Soldier's Adieu

Sentimental genre prints documented the social image of Victorian virtue through domestic scenes of courtship, family, home life, and images of the “genteel female.” Children are depicted studying nature or caring for their obedient pets as they learn their place in the greater world. Romantic scenes picture devoted husbands with their contented, dutiful wives. In these prints, young women educated in reading, music, needlework, the arts, the language of flowers, basic math and science are subjugated to their family’s needs.
These prints became popular as lithography was introduced to 19th Century Americans. As a new art form, it was affordable for the masses and provided a means to share visual information by crossing the barriers of race, class and language. Sentimental prints encouraged the artistic endeavors of schoolgirls and promoted the ambitions of amateur artists, while serving as both moral instruction and home or business decoration. They are a pictorial record of our romanticized past.
This colored print is a full length portrait of a man and woman standing, outdoors, with their arms about each other. In the background, a soldier on horseback awaits, holding the reins of a riderless horse. The man is dressed in a blue military uniform with gold trim and epaulets, belt buckle marked "US," and holding a plumed hat. The woman is in a simple dress, holding a portrait miniature that hangs from a chain around her neck. The miniature is indistict but could be of the solier or possibly the artist. A portion of the house and wrought iron fence are in the background. This is a companion picture to "Soldier's Return."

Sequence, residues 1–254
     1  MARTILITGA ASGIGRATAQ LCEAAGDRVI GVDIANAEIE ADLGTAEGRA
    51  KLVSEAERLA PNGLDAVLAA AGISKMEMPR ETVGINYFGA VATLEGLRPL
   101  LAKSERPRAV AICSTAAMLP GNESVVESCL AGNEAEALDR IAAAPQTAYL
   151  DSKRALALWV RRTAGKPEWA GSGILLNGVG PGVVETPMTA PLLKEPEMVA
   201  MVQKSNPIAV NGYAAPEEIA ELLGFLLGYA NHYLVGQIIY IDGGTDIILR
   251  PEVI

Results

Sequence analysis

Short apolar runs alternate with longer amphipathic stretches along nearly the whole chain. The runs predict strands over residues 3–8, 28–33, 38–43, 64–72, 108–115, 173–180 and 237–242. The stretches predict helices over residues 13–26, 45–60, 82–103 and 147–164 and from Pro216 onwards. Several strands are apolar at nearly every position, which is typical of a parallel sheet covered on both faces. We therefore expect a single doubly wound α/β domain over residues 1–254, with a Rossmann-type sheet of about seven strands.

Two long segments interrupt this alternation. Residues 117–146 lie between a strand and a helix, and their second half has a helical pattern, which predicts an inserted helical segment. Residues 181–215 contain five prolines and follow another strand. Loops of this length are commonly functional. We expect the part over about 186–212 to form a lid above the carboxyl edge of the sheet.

This print was produced by James S Baillie, was active in New York from 1838 to 1855. James Baillie started as a framer in 1838, and then became an artist and lithographer in 1843 or 1844. He discovered how to color lithographs while working as an independent contractor for Currier & Ives in the mid 1840’s. A prolific lithographer and colorist for Currier & Ives; his prints were extremely popular with a wide distribution. J. Baillie spent his later years concentrating on painting instead of lithography.
Currently not on view
date made
Baillie, James S.
place made
United States: New York, New York
Physical Description
hand-colored (image production method/technique)
ink (overall material)
paper (overall material)
image: 11 3/4 in x 8 1/2 in; 29.845 cm x 21.59 cm
overall: 14 in x 10 in; 35.56 cm x 25.4 cm
ID Number
catalog number
accession number
Credit Line
Harry T. Peters "America on Stone" Lithography Collection
Chronology: 1840-1849
Architecture, Domestic Buildings
Uniforms, Military
Mexican War
See more items in
Home and Community Life: Domestic Life
Clothing & Accessories
Domestic Furnishings
Peters Prints
Data Source
National Museum of American History


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